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Utilities

November tests from space to help global businesses locate land-subsidence threats

09 November 2004


(Plymouth Meeting, Pa., Nov. 8, 2004) -- The European Space Agency (ESA), in partnership with the international engineering services firm AMEC, is poised to begin testing of a down-to-earth application of Satellite Earth Observation (EO) technology with major businesses around the globe.

Testing by AMEC of EO technology to locate and evaluate potential land subsidence problems is scheduled to commence in November at seven sites. Land subsidence can cause significant structural damage to highways, dams, pipelines and buildings if not identified and dealt with early.

Under an ESA-funded technology-development contract, AMEC’s Earth & Environmental division is working with some of the world’s largest resource and infrastructure development companies who must deal with land subsidence problems on projects throughout the world.

Testing will commence this month at a reclaimed mine waste rock dump in California for Kinross Gold; underground mine workings in northern Ontario for Placer Dome; a railway in Germany for Die Bahn; tunnel construction in Germany for Walter Bau; a salt mine in Germany for Sudsalz; an open pit mine in South Africa for Rio Tinto; and a mine access road in Peru for Teck Cominco. Future tests are proposed for a pipeline corridor in British Columbia for Terasen Gas, a railway in the United Kingdom for Network Rail and an oil and gas reservoir in Germany for Wintershall.

“This is great opportunity for our clients to gain a first-hand understanding and experience with these very innovative and potentially cost-effective space-borne technologies,” said Tim Conley, Vice-President and Managing Director of AMEC’s Earth & Environmental operations in Europe. “We will meet again with our clients to review the results of the test trials and report our findings back to ESA.”

The ESA is an entity funded by 15 European states that promotes space exploration and research. It launches and operates satellites and annually funds contracts to promote the use of earth-observation technology.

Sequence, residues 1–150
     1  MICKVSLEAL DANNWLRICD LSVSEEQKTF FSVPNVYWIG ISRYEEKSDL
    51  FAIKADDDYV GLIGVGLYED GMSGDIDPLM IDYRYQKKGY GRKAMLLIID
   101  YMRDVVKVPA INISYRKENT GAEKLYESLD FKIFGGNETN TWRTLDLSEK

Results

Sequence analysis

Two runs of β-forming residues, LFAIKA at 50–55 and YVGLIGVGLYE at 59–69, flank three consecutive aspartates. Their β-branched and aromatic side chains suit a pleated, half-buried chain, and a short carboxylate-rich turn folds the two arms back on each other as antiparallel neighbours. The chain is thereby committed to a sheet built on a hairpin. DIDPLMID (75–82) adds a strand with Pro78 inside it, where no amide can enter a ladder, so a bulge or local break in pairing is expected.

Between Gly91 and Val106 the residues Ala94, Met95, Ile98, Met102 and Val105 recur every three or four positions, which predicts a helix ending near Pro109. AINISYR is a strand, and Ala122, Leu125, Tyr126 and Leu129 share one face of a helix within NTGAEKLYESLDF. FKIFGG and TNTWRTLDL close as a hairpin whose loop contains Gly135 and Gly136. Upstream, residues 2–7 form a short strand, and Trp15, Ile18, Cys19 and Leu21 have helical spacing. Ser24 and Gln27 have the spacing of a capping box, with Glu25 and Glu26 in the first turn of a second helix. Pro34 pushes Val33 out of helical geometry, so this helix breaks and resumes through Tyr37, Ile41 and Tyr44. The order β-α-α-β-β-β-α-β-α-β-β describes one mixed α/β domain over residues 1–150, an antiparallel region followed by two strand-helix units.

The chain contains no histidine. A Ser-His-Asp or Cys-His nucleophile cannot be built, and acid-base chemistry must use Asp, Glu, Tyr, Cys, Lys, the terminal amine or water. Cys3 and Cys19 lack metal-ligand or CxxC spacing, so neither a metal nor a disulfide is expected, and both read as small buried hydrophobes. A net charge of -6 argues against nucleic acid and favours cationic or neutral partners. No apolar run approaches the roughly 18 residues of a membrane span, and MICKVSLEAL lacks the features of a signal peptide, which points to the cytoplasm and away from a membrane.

Protocols for the testing of EO technologies on land subsidence were developed during an October workshop hosted by AMEC in Vancouver, Canada. Workshop participants contributed to discussions on planning, scheduling and testing parameters.

Space-borne Interferometric Synthetic Aperture Radar (InSAR) will be the primary EO technology used in the test trials to investigate and assess ground subsidence. InSAR utilizes satellite-based data acquired at two different times along orbits of a similar trajectory to detect minute changes in the ground surface. InSAR can be used to map subsidence with a vertical precision of a few millimeters, and it can be a valuable tool to detect zones of ground settlement that could harm existing or future facilities.

AMEC is being assisted by subcontractor and strategic partner Atlantis Scientific Inc., a world-class EO provider that specializes in products and services relating to satellite data acquisition, radar remote sensing, synthetic aperture radar (SAR) processing, Interferometric SAR, image analysis and advanced signal processing applications.

AMEC is also employing the services of Infoterra Ltd. of the United Kingdom to provide high-resolution optical imaging services that can be used to help interpret InSAR data. Additionally, the Land Use Planning and Natural Risks Division of BRGM (French Geological Survey) will provide scientific review of the project. Each of these groups actively participated in the Vancouver workshop and will be involved throughout the duration of the project.

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